By having them on the same domain, all you are saying is: “I delegate this trust to Linux instead of Qubes”. In which case the question should become:

  • how do I isolate applications in Linux? - probably best addressed in linux forums
  • how do I harden a qube installation? - addressed in this thread already
  • Monitoring the qube’s activities

If your concern is that you’re trusting too much on an application by having it in multiple domains, then the solution is simple: use equivalent applications in different VMs


I meant thunderbird and firefox in the same domain. But, I think it might be better as a linux-related question not qubes as you suggested.

“If I use, say firefox, in two domains, any bug in firefox would affect both domains anyway”. I meant that the bug in firefox will be in all vms that I use firefox in, which might later affect other apps in the same vms. That seems linux problem not qubes though and it’s not part of qubes’ security model anyway.

1 Like

Perfect. Just don’t forget to address a bit the Qubes hardening, particularly disabling the “passwordless root”. Otherwise all linux mitigations will be in vain.

I would suggest replacing passwordless root access with Dom0 user prompt, for a convenient (yet secure) way of approaching it.

1 Like

So, if I put my stuff in too many qubes, I didn’t do anything to limit the trust in these apps since AppVMs will still inherit all apps from the templates anyway. It’s still not isolated regardless of my practice.

Hi. The recommendation here is to have multiple minimal templates and you would install, for example, Thunderbird on one template, and firefox on another template, and each template is for its own AppVM.


Exactly so, exact that even here, each template can be used for many
AppVMS, across different security domains.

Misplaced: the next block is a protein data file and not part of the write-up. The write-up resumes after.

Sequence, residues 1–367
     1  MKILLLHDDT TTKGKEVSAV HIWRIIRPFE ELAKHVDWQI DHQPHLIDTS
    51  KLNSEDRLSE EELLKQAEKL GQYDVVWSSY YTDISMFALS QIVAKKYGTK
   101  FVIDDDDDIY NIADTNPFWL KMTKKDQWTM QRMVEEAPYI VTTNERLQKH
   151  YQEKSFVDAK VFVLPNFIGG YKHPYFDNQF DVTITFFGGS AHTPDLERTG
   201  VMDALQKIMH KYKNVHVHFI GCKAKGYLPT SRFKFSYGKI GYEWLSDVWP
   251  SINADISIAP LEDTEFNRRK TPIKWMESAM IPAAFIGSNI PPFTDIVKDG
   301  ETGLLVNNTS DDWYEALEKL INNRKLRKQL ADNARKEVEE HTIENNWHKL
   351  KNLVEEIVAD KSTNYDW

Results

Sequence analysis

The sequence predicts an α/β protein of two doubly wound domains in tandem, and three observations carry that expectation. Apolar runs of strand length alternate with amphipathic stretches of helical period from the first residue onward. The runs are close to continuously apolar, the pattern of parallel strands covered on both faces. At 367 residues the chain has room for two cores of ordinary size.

As to your fear of having “20 qubes or something”, don’t worry about
this. I have a ludicrous number of templates, and qubes, on some of my
systems - if you keep them controlled, use sensible naming and colour
policies, it isn’t an issue.
Also, if you use KDE then you can leverage KDE activities to force
related qubes together on the same desktop, so there’s minimal risk of
bleeding between different security domains. KDE also has a very
intuitive menu editor which makes it much easier to create a custom menu
based on what you use qubes for, rather than the qubes themselves.

The important thing is to stop worrying about qubes at all - think about
what you want to do and how the qubes will become part of that - the
important thing is how you structure your digital life. Focus on


I think you should treat VM as any desktop unix system, same things applicable (SELinux, reasonable protection from LPE, etc)

Unfortunately Joanna is very skeptical about that and is very enthusiastic about VM isolation, thus disabled SELinux, passwordless sudo and so on. I am, in the contrary, quite skeptical about the hypervisor security, especially when the guest root is easily obtainable :frowning: